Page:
The cultural and historical problems which made Young Samurai: The Way of the Warrior such a weak hash of Harry Potter plotting and dojo delusions persist in the second book of the trilogy. Like the first volume, it’s a quick read, probably most suitable for middle school/junior high readers, though older readers with an interest in the martial arts won’t find it childish. Historians of Japan, however, will find this gaijin-boy-in-early-Edo tale a test of character not unlike the one the protagonist faces: to get through it, you must ignore exhaustion, overcome moments of sharp pain, focus on the goal, and achieve a state of no-mind…. [spoilers ahead, of course, though the fact that it's the middle part of a trilogy probably tells you most of what you need to know.]


Judge Ooka’s Sidekick, part two: The Ghost In the Tokaido Inn and In Darkness, Death

After reading the last two installments in the Hooblers’ samurai detective series, I got hold of the first two. There are still two I have not read, obviously, but based on these four, I can’t seriously recommend the series: the misinformation and errors just outweigh any value that they have as presentations of Edo life or culture.1 The authors’ notes can’t save these books, because even good information is twisted into such blazingly implausible scenarios that no real understanding could survive, and there’s no end to the errors. [Spoilers, of course, because I don't really want anyone to read these books!]

  1. I still maintain that the last book, A Samurai Never Fears Death is decent, but it’s clearly the exception. []


Blogging and Events

Filed under: — Jonathan Dresner @ 6:26 pm

I am in Portland, at ASPAC 2010, and having my usual conference fun. It’s a pretty full schedule, so I’m not going to try to blog during, but I’ll get some blogging in after, and mostly here because I’m mostly doing Japan panels this year. However, I am experimenting with using laptop and iPad as notetaking devices1 — I’ve always used paper before — and PSU has good wireless service, so I’m also posting notes on twitter as time and attention allow. If you’re on twitter and have a question about anything I’ve tweeted, feel free to contact me that way.

Also, I’ll be hosting the July History Carnival at my World History teaching blog (have to give it something to do over the summer!), so send me history-related posts via comment here, via email (jonathan@froginawell.net), through the History Carnival submission page, or via twitter (through @jondresner or using the #hc89 tag).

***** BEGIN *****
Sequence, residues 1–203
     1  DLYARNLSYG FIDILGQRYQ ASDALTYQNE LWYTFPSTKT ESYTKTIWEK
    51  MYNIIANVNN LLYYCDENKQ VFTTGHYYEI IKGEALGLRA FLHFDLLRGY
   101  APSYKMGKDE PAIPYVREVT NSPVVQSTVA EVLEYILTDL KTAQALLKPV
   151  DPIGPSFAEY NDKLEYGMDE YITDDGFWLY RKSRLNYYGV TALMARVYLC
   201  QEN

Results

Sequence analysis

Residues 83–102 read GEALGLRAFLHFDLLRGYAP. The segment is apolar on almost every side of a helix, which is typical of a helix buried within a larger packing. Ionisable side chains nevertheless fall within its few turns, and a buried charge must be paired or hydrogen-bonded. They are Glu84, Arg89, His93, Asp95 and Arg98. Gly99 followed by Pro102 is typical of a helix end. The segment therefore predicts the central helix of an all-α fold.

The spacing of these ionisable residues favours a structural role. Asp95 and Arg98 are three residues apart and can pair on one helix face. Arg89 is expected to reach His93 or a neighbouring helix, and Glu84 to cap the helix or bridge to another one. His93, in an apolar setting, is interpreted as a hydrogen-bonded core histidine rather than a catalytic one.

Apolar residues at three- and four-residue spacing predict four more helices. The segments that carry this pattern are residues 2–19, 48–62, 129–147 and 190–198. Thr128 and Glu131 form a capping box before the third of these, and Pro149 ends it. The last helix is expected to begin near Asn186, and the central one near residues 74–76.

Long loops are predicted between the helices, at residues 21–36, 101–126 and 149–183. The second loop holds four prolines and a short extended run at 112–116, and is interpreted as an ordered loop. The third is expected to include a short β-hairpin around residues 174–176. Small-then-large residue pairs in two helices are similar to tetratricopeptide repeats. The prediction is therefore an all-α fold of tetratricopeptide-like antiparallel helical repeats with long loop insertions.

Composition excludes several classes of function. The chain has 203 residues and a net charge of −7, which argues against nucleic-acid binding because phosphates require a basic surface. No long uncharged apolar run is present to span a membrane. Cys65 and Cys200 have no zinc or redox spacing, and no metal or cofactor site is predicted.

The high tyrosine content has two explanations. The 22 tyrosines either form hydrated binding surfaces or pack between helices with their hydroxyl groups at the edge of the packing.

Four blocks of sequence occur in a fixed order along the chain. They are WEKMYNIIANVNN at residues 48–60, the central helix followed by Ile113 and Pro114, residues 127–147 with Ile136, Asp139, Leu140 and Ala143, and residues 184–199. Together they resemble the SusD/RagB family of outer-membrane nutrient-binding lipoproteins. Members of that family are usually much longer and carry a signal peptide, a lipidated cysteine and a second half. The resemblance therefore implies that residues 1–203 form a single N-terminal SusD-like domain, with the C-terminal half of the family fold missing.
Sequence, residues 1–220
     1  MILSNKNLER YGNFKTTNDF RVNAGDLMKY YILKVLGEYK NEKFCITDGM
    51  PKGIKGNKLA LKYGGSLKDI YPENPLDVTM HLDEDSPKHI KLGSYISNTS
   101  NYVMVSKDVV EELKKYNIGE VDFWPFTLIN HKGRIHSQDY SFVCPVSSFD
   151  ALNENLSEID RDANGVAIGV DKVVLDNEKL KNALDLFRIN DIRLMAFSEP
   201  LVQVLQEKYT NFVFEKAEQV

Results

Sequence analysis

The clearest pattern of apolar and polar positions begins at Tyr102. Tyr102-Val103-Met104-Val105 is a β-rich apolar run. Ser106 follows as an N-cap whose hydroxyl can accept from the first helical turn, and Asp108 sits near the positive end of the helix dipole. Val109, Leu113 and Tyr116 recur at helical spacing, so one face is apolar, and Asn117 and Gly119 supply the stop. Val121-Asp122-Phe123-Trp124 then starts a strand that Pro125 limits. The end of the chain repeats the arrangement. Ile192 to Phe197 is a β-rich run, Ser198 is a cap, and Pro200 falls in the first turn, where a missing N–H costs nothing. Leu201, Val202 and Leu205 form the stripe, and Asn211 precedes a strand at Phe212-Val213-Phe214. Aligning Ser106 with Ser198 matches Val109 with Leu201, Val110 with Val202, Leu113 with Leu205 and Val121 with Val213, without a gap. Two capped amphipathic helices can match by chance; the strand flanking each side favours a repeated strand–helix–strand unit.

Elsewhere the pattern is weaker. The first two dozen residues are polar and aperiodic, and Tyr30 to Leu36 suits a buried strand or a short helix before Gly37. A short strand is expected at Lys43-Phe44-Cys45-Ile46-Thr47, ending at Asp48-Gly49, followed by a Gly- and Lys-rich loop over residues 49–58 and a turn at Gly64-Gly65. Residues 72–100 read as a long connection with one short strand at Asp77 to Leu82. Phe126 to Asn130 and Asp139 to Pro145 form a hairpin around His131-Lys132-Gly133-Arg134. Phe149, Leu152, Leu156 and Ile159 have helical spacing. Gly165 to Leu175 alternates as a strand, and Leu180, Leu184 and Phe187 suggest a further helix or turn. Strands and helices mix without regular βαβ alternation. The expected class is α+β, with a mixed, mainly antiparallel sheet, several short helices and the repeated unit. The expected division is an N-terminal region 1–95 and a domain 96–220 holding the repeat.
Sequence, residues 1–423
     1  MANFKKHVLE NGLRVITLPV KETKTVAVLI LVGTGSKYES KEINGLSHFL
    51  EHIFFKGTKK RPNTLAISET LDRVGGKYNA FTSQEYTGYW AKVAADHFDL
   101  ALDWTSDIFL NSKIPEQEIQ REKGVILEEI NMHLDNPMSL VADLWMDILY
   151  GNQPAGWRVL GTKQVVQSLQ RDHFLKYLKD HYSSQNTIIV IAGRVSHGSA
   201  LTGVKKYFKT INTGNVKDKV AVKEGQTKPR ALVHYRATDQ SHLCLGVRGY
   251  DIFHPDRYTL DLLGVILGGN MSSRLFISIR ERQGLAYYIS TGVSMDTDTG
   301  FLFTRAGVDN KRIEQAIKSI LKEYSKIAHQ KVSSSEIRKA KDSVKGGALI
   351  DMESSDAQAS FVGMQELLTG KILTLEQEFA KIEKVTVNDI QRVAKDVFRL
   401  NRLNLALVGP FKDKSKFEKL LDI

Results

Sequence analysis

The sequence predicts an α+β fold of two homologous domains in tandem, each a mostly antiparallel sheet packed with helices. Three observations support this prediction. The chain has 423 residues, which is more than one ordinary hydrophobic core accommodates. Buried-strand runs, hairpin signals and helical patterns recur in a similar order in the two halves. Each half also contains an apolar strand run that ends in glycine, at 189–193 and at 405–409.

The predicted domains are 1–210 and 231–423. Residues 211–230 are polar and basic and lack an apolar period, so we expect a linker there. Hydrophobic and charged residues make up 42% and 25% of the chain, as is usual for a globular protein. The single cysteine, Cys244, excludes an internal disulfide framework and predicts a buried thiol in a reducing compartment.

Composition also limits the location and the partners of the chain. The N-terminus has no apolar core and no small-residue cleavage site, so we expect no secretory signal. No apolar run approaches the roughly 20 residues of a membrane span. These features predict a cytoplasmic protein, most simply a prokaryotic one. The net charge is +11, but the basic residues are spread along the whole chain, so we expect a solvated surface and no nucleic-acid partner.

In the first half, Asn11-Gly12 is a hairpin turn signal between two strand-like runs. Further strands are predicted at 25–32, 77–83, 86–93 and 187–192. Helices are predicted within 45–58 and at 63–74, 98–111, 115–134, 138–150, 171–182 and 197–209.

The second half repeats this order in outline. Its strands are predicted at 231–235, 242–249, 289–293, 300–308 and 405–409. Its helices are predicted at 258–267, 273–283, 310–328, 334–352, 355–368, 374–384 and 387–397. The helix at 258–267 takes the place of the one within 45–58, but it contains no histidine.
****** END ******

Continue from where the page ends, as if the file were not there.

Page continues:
1. I haven’t decided which one I like better. I’m more used to the laptop, of course, but the iPad has a huge advantage in portability and battery life. The fact that it’s slightly harder to use, both in terms of typing and multitasking, seems to make the iPad a bit better for concentrating on what’s happening, oddly enough. I’m going to keep switching between them as the conference goes on, to see if I come to any firmer conclusions, and also to get more practice on the iPad, which is a new tool/toy. []


TR’s legacy for FDR: Japanese Aggression?

I really didn’t want to get into the discussion about James Bradley’s op-ed and interview because it’s finals season, and because the argument was so obviously wrong. Other historians have weighed in with a fairly negative review of the argument,1 but there’s a book behind it, so I suppose the discussion has to happen. Eric Rauchway did a reasonably good job of taking the Americanist side against Bradley; I’ve been in the comments over there, arguing, effectively, that there’s a bizarre amount of reality you have to ignore to make the connection between the Portsmouth Treat and Taft-Katsura on the one hand and the Manchurian Incident and Pearl Harbor on the other.

The presumption that Roosevelt doing something more aggressive with regard to Japan’s claims in Korea and elsewhere wouldn’t have produced the Pacific War sooner seems unlikely to me. The combination of US expansion in the Pacific (Hawaii as well as the Philippines) and anti-Japanese/anti-immigrant racism was already leading some Japanese to consider the US a likely competitor and enemy in the near future: an intransigent or pro-Russian Roosevelt would have failed to negotiate the Portsmouth treaty (against which the Japanese people rioted anyway, because there was no indemnity payment) and the US would likely have been unable to integrate Japan into the Wilsonian treaties of the ’20s, and the military would have been even more likely to move aggressively in China and the Pacific sooner than 1931.

From both sides, the US and Japanese, it’s hard to see what Roosevelt could have done differently, even assuming that he had the ahistorical inclination to do so that would have produced a better result.

There’s a satirical theme in Edge of the American West comments which routinely blames people for things that happened many, many years after or before their time. As absurd as it is, I had to point out that some people take it way too seriously. I also noted something which I’m going to have to be sure to emphasize next time I teach this, because I think it’ll clarify things for students:

Nobody intervened on the side of the Chinese, ever. Even the “Open Door policy” was pretty much a dead letter from the beginning. That’s why the Japanese thought they could get away with so much: the 21 Demands make it very clear the direction things are going to go, unless the Chinese can get their acts together quickly (which they didn’t). This is part of what made FDR’s intervention on their behalf so infuriating: it was out of character with the 19th century paradigm, and nobody had ever made a League of Nations decision the foundation of a diplomatic relationship (there was an attempt with the Italy/Ethiopia thing, but it didn’t stick).